Holding distinctive precedence as a captain of industry, the subject
of this sketch fills a large place in the manufacturing and business circles
of his own and other states and as executive head of one of the largest
and most important industrial enterprises in Southern Illinois, has earned
a reputation second to that of none of his compeers. Beginning life under
many unfavorable circumstances and early obliged to rely entirely upon
his own resources, his career has indeed, been truly remarkable and to
him in the true sense of the term belongs the proud title of a "self-made

W. C. Arthurs, president of the Mount Vernon Car Manufacturing Company, and one of the leading citizens of his city and state springs from sturdy Scotch ancestors who in their native land went by the name of MacArthurs, but during a long period of residence in the United States the descendants of the original immigrant to this county have gradually dropped the prefix, leaving the patronymie as it now appears.

Joseph W. Arthurs, the subject's grandf ther, was a native of North Carolina, where his birth ocurred in 1806. He left that state in an early day and migrated to Illinois, settling at Hillsboro, Montgomery county, where he worked for some time at the tailor's trade, dying there in the year 1849. Joseph W. Arthurs married Lydia Morrison, November 26, 1835, who was born in Iredell county, North Carolina, April 9, 1810, and died at Camden, South Carolina, on the 13th of March, 1844. Her father, James Morrison, also a native of North Carolina, was born in the county of Iredell, November 30, 1769, and her mother, who bore the maiden name of Margaret Grace Wilson, was born in the same state and county on January 17th of the year '179.

Among the children of Joseph W. Arthurs and wife was a son by the name of James M. Arthurs, who was born in Hillsboro, Illinois, and who in early life learned the trade of blacksrnithing which he followed for many years in his native town. He entered the army at the breaking out of the Civil war and served till the downfall of the Confederacy, participating in a number of bloody battles and earning an especially honorable record as a brave and gallant soldier. He was a member of the Ninth Illinois Infantry, Colonel Phillips' regiment, and for meritorious conduct was promoted second lieutenant of Company H, which office he held when discharged at the close of the war. Some time in the nineties he moved to Kansas and departed this life at Hutchinson, that state, in the year 1903.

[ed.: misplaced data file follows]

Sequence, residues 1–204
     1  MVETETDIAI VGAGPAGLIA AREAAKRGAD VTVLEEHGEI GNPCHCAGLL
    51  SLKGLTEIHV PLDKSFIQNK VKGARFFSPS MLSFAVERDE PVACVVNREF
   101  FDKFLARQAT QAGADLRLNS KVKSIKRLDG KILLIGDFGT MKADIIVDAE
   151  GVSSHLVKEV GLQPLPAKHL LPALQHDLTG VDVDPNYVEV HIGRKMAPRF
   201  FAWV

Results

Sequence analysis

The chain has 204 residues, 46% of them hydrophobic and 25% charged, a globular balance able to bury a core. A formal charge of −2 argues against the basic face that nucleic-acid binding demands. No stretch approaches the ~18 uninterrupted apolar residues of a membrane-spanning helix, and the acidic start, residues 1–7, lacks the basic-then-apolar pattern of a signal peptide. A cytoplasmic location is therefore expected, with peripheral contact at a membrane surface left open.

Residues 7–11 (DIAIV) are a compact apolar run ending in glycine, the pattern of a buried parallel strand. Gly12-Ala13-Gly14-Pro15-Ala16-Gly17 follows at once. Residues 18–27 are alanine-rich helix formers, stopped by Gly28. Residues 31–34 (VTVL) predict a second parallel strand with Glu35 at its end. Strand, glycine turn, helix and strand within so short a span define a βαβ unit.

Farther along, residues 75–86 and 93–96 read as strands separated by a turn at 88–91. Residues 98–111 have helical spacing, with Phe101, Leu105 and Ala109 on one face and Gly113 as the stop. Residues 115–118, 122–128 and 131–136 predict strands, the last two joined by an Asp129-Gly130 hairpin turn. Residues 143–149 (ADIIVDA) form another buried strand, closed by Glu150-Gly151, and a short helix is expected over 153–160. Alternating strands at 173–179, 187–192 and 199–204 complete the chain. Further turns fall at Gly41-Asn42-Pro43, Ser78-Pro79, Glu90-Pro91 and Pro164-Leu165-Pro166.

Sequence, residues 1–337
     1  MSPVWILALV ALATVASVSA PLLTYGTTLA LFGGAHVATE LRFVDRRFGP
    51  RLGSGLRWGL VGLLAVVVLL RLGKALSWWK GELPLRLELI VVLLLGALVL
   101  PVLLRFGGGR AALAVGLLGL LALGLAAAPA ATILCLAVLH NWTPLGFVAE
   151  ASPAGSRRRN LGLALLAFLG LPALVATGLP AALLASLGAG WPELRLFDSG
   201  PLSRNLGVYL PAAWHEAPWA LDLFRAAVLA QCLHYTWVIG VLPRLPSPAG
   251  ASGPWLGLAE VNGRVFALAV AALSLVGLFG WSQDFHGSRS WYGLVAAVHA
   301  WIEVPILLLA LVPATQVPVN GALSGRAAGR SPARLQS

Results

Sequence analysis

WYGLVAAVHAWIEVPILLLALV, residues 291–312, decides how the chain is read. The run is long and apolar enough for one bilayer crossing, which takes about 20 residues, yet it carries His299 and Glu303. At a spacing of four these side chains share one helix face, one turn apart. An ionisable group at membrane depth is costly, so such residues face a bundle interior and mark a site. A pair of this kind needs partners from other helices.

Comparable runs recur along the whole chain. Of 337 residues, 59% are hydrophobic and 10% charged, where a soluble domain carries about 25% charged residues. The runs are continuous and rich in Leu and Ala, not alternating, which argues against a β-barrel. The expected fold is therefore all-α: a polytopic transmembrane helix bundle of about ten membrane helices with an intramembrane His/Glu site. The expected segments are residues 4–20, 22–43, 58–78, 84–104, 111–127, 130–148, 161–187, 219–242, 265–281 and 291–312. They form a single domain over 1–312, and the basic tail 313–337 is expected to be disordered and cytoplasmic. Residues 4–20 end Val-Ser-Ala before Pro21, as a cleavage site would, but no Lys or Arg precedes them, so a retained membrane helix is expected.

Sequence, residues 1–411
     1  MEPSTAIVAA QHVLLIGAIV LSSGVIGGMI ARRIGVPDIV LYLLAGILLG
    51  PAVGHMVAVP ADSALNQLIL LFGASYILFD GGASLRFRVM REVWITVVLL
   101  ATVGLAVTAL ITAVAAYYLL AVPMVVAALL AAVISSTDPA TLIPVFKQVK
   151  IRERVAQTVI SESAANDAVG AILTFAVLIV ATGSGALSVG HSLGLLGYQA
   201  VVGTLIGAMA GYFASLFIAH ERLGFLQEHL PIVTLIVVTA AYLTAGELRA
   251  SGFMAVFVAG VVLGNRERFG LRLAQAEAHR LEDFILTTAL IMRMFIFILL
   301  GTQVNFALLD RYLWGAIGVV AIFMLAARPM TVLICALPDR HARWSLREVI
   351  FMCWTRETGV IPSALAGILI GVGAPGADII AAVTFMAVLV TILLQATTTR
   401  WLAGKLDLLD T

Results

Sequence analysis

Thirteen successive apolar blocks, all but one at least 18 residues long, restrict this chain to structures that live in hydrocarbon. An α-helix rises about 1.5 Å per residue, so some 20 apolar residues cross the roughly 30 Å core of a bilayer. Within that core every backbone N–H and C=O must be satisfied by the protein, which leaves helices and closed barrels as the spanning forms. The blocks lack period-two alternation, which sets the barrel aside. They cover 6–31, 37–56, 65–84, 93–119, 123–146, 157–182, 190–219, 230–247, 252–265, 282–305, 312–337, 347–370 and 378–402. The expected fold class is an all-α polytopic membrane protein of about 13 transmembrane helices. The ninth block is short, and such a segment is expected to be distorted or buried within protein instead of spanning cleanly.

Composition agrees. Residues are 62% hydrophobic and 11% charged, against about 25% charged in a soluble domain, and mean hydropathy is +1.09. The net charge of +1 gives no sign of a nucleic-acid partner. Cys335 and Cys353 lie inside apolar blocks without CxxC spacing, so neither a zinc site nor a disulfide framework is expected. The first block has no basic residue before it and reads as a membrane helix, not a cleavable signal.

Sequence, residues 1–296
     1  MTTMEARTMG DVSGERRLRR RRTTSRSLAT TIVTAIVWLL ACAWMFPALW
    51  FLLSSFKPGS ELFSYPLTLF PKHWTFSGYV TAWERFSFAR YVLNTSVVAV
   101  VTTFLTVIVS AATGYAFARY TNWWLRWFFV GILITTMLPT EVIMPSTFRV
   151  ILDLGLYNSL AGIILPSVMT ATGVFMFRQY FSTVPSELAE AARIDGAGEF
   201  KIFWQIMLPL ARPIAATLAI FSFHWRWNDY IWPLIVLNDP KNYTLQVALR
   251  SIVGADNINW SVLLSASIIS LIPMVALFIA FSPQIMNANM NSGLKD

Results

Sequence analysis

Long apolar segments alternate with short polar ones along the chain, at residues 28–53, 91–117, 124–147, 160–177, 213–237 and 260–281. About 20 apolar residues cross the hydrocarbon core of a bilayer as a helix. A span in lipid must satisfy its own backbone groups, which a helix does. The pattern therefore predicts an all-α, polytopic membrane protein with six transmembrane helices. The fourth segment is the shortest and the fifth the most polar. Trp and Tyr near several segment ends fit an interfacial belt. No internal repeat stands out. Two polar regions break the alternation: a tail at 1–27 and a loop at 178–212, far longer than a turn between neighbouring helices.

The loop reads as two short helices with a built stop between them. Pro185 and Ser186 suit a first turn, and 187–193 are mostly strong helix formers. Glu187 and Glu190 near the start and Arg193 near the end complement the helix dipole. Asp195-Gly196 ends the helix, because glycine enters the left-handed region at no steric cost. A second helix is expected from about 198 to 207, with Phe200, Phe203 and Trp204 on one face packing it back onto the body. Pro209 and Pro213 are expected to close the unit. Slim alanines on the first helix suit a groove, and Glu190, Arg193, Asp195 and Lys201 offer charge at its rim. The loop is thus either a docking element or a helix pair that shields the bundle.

Emma Cram, wife of James M. Arthurs, was born near Hillsboro, Illinois, February 10, 1842, and from the most reliable data obtainable, appears to have been a descendant of the celebrated Von Cram family of Germany. She was a woman of many sterling qualities greatly esteemed by all who knew her, and her death, which occurred on October 1, 1865, was felt as a personal loss in the community where she spent the greater part of her life. Latinus M. Cram, father oi Mrs. Arthurs, was born at Portland, Maine, October 30.1810. He married at Norfolk, Virginia, August 13, 1836, Ann Hart, whose birth occurred in Suffolk county on Long Island, New York, July 19.1811, and who belonged to one of the 01d and well known families of that part of the Empire state. When a mere lad Latimus Cram was bound as a cabin boy on a vessel plying the Atlantic and ever afterwards followed the sea. gradually rising from his original humble station to become master of a ship, a position he held for many years. He was drowned in the Ohio river, near Cairo, Illinois, April 9,1842. His widow survived him many years. dying at Hillsboro, December 27, 1893.

The Harts were among the early residents of Suffolk county, Long Island, Philetus Hart, father of Ann Hart, having been born there on the 6th day of May, 1768. His wife, Mary Hart. also a native of the same county, was born September 22,1778. and died in the city of New York in February, 1831, her husband departing this life in September of the previous year, 1830.

W. C. Arthurs, whose name introduces this sketch, is a native of Montgomery county, Illinois, and the son of James M. and Enma (Cram) Arthurs. He was born at Hillsboro, received his education in the schools of that city and Litchfield and while still a mere boy began making his own way in the world by working on a farm. Indeed, so small was he at the time of finding his first employment, that he could barely hold the handles of a plow, but blessed with good health and a strong body, and endowed with an unusual amount of energy for one so young he persevered in his labors and not only earned the small wages received, but so pleased his employer that the latter parted with his services very reluctantly when the lad saw fit to change his mode of life. From the fields he entered a grocery store where he clerked for some time and obtained a practical knowledge of business and subsequently accepted a similar position in a drug store. After an experience of a few years in the latter capacity he entered the shoe business and sold shoes at retail for a number of years, leaving the retail shoe business to engage as traveling salesman with a boot and shoe firm whose interests he represented on the road for a number of years. Meanwhile he prepared himself for a business life by taking a course in a commercial college at Jacksonville and on being graduated from that institution was well fitted to grapple with the problems which usually confront the ambitious young man at the beginning of his career.

Early in life Mr. Arthurs resolved to make his employer interests his own, and prove faithful to every trust reposed in him. By always acting in conformity with this resolution he was enabled to hold a number of important positions and it is a fact worthy of note that he was never discharged by an employer, nor in any way lost the confidence or incurred the ill-will of those to whose service he devoted so much of his time and energy.